Bob and Margery Boyar, the Couple That Insured Broadway, to Retire

News   Bob and Margery Boyar, the Couple That Insured Broadway, to Retire
Bob and Margery Boyar, the doyen and doyenne of theatrical insurance, have decided to retired from the business after more than half a century of plying their trade.
Bob and Margery Boyar.
Bob and Margery Boyar.

On Sept. 16, a two will be feted at a reception in Sardi's restaurant. "I was born in the theatre and grew up in it," says Bob Boyar in a statement. "The theatre is like nothing else. It goes on and on. It has been our job to make sure that the requisite insurance for each production was always available and written by underwriters who would pay all legitimate claims without litigation."

The work that the Boyars do is not well known to the theatregoing public, or even to the creative professionals who mount the shows, but every Broadway producer who's hovered over a balance sheet knows the critical insurance innovations the Boyars invented. Among them are the "business interruption" policy, which covered a show if a producer is forced to cancel performances. Another Boyar invention is the "nonappearance policy," which protects a production's backers should a star lose his or her voice or some such similar misfortune occur. The policy was fashioned by Lloyd's of London specifically for legitimate theatre in the United States.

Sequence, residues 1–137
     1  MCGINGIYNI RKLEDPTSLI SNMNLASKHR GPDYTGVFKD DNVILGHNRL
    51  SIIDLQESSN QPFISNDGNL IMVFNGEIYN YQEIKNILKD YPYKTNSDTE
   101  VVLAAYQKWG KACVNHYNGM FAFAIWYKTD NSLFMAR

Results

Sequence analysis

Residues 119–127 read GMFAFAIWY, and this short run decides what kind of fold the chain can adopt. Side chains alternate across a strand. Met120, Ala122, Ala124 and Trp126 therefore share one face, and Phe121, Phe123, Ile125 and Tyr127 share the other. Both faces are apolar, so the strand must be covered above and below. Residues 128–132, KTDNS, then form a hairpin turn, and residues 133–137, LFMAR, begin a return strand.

The Boyars' first Broadway client was 1955's House of Flowers. Over the years, they have handled Gypsy, West Side Story, Fiddler on the Roof, Applause, Company, Follies, Sweeney Todd, Dreamgirls, Les Miserables, The Phantom of the Opera, The Producers and Hairspray. Their final clients were Little Shop of Horrors and The Boy from Oz.

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